Tag: STS

Between the Bitterness of Anonymity and Ethics is Racism: Reflections for Anthropological Research on Science in the ‘Backyard’

This essay is one of the results of a roda de conversa (a conversation circle) that took place at the University of Brasilia, Brazil, in December 2023. Professor Soraya Fleischer had the idea and invited her advisees: two men and three women. Since all of us were, in different ways, doing research with researchers that were also working at the University of Brasilia, the roda de conversa had as a guiding theme the following question: what is it like to conduct research with interlocutors who share the same “institutional house”—who work in the same “backyard”? (read more...)

“We had to rethink many, many things”: Reflexivity in Scientific Practices during the Zika Epidemic in Recife, Brazil

Luiza is a pediatrician and researcher specializing in infectious diseases who works at a teaching hospital in Recife, Brazil. Her daily routine involves treating children with congenital infectious syndromes, which can lead to various clinical conditions including microcephaly. However, in October 2015, an unprecedented situation unfolded. As she described during an interview with me, “That year, a new world entered my world.” She was referring to the surge in cases of microcephaly that puzzled Brazilian doctors and health authorities that year. In Recife, where the average number of microcephaly cases historically stood at nine cases per year, there were twelve cases registered in just one maternity ward within a month. (read more...)

Lonely Planet Looking for Connection: Citizen Science SETI Research at NASA

NASA’s homepage is as glitzy as you would expect of the U.S. Government’s sexiest administration. Glossy pictures of nebulas, astronauts, and asteroids float across the top of the page and even the ozone hole over Antarctica manages to look like a snack. A quick swipe over to the Citizen Science Page, however, and now the images give enthusiastic, low-res, DIY vibes coupled with pun-filled project titles like “Aurorasaurous” and “Spiritacular.” Each one beckons: anyone with a cellphone or a laptop can do this project. A Jacob’s Ladder of binary stretching into the blurry heavens stops my scroll with its provoking title—Are we alone in the universe? Well golly, I don’t know. Go to Project Website. So I do. (read more...)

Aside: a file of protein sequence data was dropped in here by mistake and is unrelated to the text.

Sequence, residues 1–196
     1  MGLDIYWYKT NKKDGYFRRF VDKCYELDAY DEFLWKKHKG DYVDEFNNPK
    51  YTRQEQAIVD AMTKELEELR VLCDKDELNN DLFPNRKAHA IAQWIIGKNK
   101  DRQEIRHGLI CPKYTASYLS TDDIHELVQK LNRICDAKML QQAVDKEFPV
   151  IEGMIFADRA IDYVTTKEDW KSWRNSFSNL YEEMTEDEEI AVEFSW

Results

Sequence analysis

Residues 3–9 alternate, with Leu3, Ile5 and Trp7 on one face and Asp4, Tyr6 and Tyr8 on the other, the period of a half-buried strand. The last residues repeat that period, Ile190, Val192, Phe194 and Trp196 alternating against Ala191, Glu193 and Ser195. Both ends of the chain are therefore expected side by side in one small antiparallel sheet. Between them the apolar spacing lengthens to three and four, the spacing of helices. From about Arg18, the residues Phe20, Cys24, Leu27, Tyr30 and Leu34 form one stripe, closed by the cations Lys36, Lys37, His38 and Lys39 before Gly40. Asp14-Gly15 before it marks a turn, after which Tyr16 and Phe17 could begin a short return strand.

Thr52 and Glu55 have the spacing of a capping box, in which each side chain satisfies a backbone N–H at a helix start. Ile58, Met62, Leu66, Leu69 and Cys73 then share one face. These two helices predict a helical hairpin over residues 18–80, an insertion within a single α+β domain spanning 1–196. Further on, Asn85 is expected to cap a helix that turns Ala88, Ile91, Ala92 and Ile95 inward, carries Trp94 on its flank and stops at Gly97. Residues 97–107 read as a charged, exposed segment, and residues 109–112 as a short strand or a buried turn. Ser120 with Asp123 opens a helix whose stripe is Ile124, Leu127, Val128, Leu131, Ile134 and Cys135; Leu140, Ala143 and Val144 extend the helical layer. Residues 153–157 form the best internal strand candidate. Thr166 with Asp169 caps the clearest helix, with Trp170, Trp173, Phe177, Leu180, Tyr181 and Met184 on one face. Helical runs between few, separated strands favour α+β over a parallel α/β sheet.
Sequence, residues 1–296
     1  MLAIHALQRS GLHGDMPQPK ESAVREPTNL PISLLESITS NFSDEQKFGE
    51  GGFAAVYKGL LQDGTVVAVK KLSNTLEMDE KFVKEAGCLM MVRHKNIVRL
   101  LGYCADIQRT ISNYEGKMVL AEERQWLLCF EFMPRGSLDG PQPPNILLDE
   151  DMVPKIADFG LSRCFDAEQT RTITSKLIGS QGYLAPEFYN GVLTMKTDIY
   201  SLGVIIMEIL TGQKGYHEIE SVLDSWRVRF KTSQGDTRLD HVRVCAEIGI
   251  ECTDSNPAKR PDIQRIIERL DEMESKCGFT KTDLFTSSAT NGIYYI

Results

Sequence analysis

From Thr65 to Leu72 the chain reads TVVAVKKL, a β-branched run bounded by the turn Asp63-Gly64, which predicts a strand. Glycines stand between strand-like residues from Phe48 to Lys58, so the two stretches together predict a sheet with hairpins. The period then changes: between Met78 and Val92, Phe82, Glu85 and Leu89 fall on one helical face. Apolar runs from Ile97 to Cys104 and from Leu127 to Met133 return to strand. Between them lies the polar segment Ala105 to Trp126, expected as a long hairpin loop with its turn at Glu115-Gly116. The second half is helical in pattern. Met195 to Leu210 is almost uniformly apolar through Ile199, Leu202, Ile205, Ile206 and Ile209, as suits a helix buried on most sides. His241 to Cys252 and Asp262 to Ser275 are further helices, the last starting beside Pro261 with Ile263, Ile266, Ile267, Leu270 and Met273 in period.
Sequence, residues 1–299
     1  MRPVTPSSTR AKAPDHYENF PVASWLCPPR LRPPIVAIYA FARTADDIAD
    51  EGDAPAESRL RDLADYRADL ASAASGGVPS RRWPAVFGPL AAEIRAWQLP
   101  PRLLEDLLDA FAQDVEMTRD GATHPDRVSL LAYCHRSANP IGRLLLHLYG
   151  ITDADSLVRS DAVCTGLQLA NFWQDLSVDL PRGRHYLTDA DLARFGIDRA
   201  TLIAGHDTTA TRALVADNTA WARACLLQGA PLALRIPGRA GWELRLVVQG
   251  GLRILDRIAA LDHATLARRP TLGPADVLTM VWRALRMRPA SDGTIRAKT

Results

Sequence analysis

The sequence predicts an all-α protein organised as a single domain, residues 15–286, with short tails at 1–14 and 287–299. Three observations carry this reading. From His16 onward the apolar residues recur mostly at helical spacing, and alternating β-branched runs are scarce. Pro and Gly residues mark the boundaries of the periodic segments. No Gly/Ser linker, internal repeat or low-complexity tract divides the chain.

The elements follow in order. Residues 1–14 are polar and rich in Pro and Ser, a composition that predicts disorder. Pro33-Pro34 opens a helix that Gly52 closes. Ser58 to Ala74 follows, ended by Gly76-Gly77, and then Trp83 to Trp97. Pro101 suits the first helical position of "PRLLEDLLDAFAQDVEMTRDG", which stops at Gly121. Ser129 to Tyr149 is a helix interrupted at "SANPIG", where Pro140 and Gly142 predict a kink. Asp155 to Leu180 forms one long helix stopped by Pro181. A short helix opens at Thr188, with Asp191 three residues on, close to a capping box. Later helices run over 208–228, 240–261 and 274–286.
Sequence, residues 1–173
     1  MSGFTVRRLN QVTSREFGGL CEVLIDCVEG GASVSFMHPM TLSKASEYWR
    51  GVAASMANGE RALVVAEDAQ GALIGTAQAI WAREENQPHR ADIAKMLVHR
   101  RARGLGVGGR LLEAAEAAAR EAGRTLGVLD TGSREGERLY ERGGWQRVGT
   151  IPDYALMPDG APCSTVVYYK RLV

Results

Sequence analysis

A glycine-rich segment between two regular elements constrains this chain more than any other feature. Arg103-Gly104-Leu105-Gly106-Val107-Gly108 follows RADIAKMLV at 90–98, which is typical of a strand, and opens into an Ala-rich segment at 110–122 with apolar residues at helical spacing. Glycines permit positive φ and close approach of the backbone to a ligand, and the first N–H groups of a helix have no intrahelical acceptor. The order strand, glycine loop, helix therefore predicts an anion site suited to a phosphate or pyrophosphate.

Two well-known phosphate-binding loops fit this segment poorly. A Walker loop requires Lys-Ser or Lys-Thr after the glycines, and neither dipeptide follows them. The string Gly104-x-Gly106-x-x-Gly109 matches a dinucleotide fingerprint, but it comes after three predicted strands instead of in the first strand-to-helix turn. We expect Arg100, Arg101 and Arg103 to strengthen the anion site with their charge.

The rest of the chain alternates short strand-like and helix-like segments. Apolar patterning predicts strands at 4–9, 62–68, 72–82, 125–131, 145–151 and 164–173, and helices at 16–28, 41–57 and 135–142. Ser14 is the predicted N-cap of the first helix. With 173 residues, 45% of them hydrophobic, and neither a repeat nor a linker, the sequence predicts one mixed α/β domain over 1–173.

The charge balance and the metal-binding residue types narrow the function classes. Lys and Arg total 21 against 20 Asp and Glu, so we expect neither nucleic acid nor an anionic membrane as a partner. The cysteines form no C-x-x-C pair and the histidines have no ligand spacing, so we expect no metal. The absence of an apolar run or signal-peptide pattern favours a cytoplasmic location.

2023 in Review

Welcome to CASTAC 2023 in review! In this post you will read about the wonderful work that our CASTAC team and community has put together. We thank you for engaging with our content this year and hope you will continue to do so in 2024. Without further ado, let’s get started with our annual review. (read more...)

Junk Anthropology: A Manifesto for Trashing and Untrashing

It is currently held, not without certain uneasiness, that 90% of human DNA is ‘junk.’ The renowned Cambridge molecular biologist, Sydney Brenner, makes a helpful distinction between ‘junk’ and ‘garbage.’ Garbage is something used up and worthless which you throw away; junk is something you store for some unspecified future use. (Rabinow, 1992, 7-8) In the bioscience lab near Tokyo where I did my ethnographic study, the researchers taught me how to do PCR experiments. This was before Covid when almost everyone came to know what PCR was, or at least, what kind of instrumental information it could be good for. The lab was working with mouse models, although I never got to see them in their cages. But the researcher I was shadowing showed me how to put the mouse tail clippings she collected into small tubes. She hated cutting tails, by the way, and preferred to take ear punches when she could. She told me that she didn’t like the way the mice wiggled under her hand, as if they just knew. But at this point anyway, the mice are alive in the animal room and she is only putting small, but vital, pieces of them into a tube to dissolve them down (mice becoming means), to get to the foundation of what she really wants. (read more...)